Meurig Bowen and Rachel Bowen (text), Daniel Frost (illus.), The School of Music, Murdoch Books/Allen & Unwin, April 2017, 96pp., $29.99 (hbk), ISBN: 9781847808608
The idea behind The School of Music is that you receive a letter of acceptance to attend the school on the first page, then you meet the various staff members, before undertaking three terms of a music course. A comprehensive, interactive and colourful book the size of a vinyl record, The School of Music offers upper primary readers a chance to gain a really solid grounding in music history, theory and practice. Lessons are guided by the musicians, composers and singers who make up the school staff, all of whom are quirky and humorous. Sergio Trunk is a conductor and head of the school, whose only regret is that he can’t teach his students the level of charisma that he has. He is supported in his teaching responsibilities by opera star Diva Venus, cellist Rufus Vibrato, administrator and lover of dance, Nigara d’Ossier, composer-in-residence Ronny ‘Beethoven’ O’Reilly and percussionist Roxy Mojo.
Term 1 offers a broad introduction to music, identifying the different types (classical, pop, jazz, world music etc.) then exploring instruments. It ends with a discussion of the link between music and other disciplines (dance, movies and even architecture!). In term 2 the focus is on a solid introduction to music theory, including how music is written, and what various musical terms relate to (rhythm, time signature, melody, intervals etc.). Finally it brings all of this together by looking at the role composers and performers play in bringing music to life. Term 3 moves on to music practice, with great advice on various topics, including why practice matters, how to combat performance nerves and how to share a love of music with others.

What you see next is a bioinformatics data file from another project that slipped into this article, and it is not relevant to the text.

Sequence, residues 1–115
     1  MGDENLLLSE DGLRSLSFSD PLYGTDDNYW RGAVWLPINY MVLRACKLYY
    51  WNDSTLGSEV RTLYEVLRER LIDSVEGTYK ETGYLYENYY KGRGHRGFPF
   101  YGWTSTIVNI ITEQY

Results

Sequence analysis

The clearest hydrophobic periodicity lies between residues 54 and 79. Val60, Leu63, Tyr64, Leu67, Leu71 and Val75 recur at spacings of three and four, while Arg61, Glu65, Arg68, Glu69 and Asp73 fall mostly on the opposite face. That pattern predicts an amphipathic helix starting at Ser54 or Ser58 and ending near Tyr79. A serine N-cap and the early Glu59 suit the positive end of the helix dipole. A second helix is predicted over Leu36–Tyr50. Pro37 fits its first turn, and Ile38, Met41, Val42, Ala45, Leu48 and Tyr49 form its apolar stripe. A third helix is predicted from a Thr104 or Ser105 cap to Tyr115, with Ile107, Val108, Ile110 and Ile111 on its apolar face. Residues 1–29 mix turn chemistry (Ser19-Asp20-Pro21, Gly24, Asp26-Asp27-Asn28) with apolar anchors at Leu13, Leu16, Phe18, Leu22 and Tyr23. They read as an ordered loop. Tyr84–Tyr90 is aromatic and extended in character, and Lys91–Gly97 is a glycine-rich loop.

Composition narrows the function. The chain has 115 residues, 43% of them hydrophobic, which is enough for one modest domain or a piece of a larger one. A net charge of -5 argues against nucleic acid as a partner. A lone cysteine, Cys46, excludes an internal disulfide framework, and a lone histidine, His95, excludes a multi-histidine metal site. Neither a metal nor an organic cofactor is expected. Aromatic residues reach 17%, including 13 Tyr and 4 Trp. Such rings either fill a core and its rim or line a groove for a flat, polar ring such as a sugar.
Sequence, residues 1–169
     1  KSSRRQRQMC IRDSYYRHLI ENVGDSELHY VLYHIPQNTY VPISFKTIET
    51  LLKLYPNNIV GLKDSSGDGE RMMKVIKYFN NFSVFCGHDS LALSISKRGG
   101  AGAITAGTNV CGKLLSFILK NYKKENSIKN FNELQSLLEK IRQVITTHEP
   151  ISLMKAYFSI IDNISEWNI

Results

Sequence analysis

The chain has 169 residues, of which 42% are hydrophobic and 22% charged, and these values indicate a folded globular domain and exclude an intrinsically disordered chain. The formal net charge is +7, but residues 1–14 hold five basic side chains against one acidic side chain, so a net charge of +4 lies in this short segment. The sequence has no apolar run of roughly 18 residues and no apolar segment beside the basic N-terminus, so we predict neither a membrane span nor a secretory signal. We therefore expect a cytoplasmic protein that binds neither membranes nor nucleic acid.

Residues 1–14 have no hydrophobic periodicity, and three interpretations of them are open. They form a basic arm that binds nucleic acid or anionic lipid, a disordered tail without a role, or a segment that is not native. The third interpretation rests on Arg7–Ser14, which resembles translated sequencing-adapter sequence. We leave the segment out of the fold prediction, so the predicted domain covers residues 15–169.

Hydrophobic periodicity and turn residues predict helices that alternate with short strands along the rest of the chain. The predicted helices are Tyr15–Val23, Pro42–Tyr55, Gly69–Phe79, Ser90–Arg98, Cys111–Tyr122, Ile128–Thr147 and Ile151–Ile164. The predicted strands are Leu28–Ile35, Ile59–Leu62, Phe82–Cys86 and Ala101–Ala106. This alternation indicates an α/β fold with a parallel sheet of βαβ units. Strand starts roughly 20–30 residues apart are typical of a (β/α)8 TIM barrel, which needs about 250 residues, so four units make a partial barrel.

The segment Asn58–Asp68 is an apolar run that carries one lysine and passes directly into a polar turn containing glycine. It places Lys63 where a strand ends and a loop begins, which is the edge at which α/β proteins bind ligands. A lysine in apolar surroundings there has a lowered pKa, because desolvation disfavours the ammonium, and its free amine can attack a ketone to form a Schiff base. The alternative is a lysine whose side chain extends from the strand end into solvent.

Each lesson goes into detail about the topic as well as providing an activity that can easily be done at home (some require internet access). Wherever a double quaver appears the reader can access online recordings that enhance the lesson. The illustrations have a minimalist palette and a lot of personality, showing the antics of the school staff with humour whilst also providing practical examples such as musical notation. This is a fantastic, detailed, engaging book that should be in every school library and music classroom.
Reviewed by Rachel Le Rossignol